Thursday, July 1, 2010

Symbol of Rupee

The newspapers are full of reports that there is move from government to prescribe an official symbol for our rupee. In fact, it had held a countrywide contest recently and has shortlisted the following five symbols one of which will be chosen finally


India Rupee Symbol

Many of us are rather intrigued by this news item. We wonder that when the denotation of our ‘rupee’ as ‘Rs….” is quite unambiguous why it is considered necessary to go in for this. For one thing a country’s currency is a sine qua non of the country. While the name rupee has been associated with our coin for quite some time and is moiré or less a defining sign of our currency it will be remembered that currencies of many countries also bear the same name. The Pakistan currency is also known as rupee currency since it has continued with the same name in use in undivided India even after partition. In the SE Asia also the coin is known by more or less similar names e.g. rupiah etc. However, the similarity of name does not necessary signify identical monetary value. We may remember that until around the middle of the last century the State of Hyderabad had a similarly named currency rupee and lower denominational value coins also. The State of Gwalior had Shindeshahee coins. These State issues had distinctly different designs to emphasise and bring out their individuality. The actual monetary value of the rupee differed. Thus a hundred rupees of Govt. of India fetched nearly 115 Hyderabadi rupees.These State coinage systems were a left over of the once independent status of the regions from Central rules .From the middle of the last century these subsidiary coinage systems were abolished and replaced with the uniform Indian rupee,.

However, while the promise on currency notes that the government guarantees to exchange it for coins/smaller evaluation notes of equal value (This did not obtain on small notes of Re.l) it was for internal exchange. In international transactions the monetary value differed, sometimes fluctuating widely depending on the exchange value .As a sideshow it may be mentioned that around 30s there was a keen debate as to whether the value of one Indian rupee should be equal to 16 pence or 17 pence which to an ordinary man appeared rather intriguing. wondering whether the matter could not be settled by a little give and take. It was a standard joke of the times. In the pre-WWII period the exchange rates of Indian rupee vis-a-vis British Pound (Rs. 15/-),American Dollar(Rs.Three and a half) etc were moiré or less steady .However, in the context of the post=war World Reconstruction ,the growing international trade and commerce they began to fluctuate depending on exchange of goods and services.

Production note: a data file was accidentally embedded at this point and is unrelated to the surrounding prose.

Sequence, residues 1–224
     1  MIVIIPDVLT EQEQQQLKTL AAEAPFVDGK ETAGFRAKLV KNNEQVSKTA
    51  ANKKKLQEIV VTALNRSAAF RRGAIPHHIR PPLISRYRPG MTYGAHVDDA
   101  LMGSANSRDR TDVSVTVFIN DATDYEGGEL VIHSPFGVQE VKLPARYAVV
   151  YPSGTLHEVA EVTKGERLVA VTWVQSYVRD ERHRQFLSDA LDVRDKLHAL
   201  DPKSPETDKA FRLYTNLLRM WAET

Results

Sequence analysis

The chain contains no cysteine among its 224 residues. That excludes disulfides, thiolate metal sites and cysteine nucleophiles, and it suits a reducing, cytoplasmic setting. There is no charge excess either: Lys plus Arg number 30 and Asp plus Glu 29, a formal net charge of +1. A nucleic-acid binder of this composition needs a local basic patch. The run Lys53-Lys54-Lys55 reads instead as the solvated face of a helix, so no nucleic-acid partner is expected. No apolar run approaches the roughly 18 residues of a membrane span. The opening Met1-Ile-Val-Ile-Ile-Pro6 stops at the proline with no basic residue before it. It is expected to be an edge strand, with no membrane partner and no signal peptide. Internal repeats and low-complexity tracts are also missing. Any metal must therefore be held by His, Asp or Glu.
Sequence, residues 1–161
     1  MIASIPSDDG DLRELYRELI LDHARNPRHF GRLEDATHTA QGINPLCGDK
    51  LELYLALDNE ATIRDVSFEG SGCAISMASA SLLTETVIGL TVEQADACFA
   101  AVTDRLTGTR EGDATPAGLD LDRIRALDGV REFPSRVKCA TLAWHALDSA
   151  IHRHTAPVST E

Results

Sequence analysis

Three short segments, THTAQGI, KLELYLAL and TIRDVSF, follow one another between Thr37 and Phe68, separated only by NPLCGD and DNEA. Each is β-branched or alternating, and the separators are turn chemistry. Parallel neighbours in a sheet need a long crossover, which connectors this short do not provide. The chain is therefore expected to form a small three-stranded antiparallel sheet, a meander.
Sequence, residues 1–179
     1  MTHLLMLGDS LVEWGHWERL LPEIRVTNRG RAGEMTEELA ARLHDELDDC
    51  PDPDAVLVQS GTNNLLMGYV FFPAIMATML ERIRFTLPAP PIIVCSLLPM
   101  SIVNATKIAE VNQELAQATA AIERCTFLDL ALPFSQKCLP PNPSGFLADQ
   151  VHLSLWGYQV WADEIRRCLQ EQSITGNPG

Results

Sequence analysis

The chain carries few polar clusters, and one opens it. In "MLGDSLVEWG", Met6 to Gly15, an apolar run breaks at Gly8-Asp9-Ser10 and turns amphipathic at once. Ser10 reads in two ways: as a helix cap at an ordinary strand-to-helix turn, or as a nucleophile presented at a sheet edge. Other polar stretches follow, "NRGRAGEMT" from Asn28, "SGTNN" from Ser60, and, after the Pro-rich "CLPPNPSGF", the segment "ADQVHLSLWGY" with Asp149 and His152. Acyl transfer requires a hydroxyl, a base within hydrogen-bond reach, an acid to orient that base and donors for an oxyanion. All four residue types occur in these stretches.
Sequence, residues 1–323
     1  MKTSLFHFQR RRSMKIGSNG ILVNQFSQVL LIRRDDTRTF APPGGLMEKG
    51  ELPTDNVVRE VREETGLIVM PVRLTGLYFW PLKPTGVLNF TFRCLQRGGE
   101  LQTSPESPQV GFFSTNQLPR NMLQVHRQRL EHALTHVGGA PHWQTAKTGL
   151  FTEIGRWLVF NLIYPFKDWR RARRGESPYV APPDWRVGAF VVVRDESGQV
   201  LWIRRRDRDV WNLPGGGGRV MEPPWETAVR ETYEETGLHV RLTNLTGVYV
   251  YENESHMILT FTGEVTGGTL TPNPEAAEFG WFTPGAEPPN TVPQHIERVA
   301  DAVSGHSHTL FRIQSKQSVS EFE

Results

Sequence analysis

Deliberate attempts of keeping the exchange rates artificially high for boosting trade and commerce were and are also there. Earlier Japan had indulged in this. The Japanese goods were costlier in Japan than outside offering stiff competition to other goods. It is the turn of China now.Keeping its Yuan exchange rate artificially lower tomake its exports cheaper it is flooding world markets ,predominantlyEurope,US and India with Chinese goods However artificially maintaining a lower exchange rate would cause inflation in that country since being able to export in bulk would mean easy availability of local currency which would cause price rise. More money = more purchase = increased demand = price rise = inflation! And China is already experiencing this effect and is getting prepared to loosen its grip on its currency. Even the international community is demanding that China allow its currency to appreciate because no country can tolerate its markets being flooded from outside by cheap goods.

Indian Economy today is the fourth largest economy in the world and is expected to overtake Japan by 2012 to become the third largest. The second largest economy, China is in that position artificially by keeping its Yuan exchange rate artificially lower to make its exports cheaper and hence is flooding the world markets predominantly Europe, US and India.If China relaxes its currency Indian currency which is not controlled like the Chinese currency can continue to surge ahead and so would Indian GDP because the Chinese exports would then go down since their exports would no longer be cheaper with an appreciated Yuan, and this gives India a good chance to move on to the second largest GDPin the world only after United States, and this is predicted to happen sometime around 2020.

Given all this information, the government of India has finally realized that the Indian Currency Rupee needs a brand symbol too, just like dollar, pound, euro, yen etc. As of now Rupee is denoted by Rs and does not have a symbol of its own. A currency symbol represents the entire health of the country’s economy and if the country’s economy clicks, then it would become the monetary brand of the country worldwide, just like how $ represents the economic strength of United States . More than a billion people ie 1/6 of humanity are using this currency.

The currency symbols often become shorthand for the country. The fact that this symbol for rupees has been found through open competition is symbolic of India’s growing confidence in itself.

The different system of coinage obtaining in India in the past has already been mentioned above. However, these were mere leftover from history and in any case have been abolished over half a century ago. We did not have a problem like Europe where different currencies were current and had to be abandoned for the emerging Euro. Local populations across Europe complained that in this switchover retailers cleverly included a price hike.

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